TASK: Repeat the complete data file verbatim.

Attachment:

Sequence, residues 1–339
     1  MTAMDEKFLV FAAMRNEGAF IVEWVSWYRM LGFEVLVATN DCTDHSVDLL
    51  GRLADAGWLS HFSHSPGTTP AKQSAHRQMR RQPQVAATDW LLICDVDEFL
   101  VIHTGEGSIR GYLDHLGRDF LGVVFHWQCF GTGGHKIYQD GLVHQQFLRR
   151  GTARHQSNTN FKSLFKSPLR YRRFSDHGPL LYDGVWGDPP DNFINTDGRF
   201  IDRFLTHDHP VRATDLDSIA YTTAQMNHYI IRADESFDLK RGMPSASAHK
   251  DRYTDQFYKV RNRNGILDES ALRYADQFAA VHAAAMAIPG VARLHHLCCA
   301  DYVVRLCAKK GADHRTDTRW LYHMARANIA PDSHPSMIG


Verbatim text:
Sequence, residues 1–339
     1  MTAMDEKFLV FAAMRNEGAF IVEWVSWYRM LGFEVLVATN DCTDHSVDLL
    51  GRLADAGWLS HFSHSPGTTP AKQSAHRQMR RQPQVAATDW LLICDVDEFL
   101  VIHTGEGSIR GYLDHLGRDF LGVVFHWQCF GTGGHKIYQD GLVHQQFLRR
   151  GTARHQSNTN FKSLFKSPLR YRRFSDHGPL LYDGVWGDPP DNFINTDGRF
   201  IDRFLTHDHP VRATDLDSIA YTTAQMNHYI IRADESFDLK RGMPSASAHK
   251  DRYTDQFYKV RNRNGILDES ALRYADQFAA VHAAAMAIPG VARLHHLCCA
   301  DYVVRLCAKK GADHRTDTRW LYHMARANIA PDSHPSMIG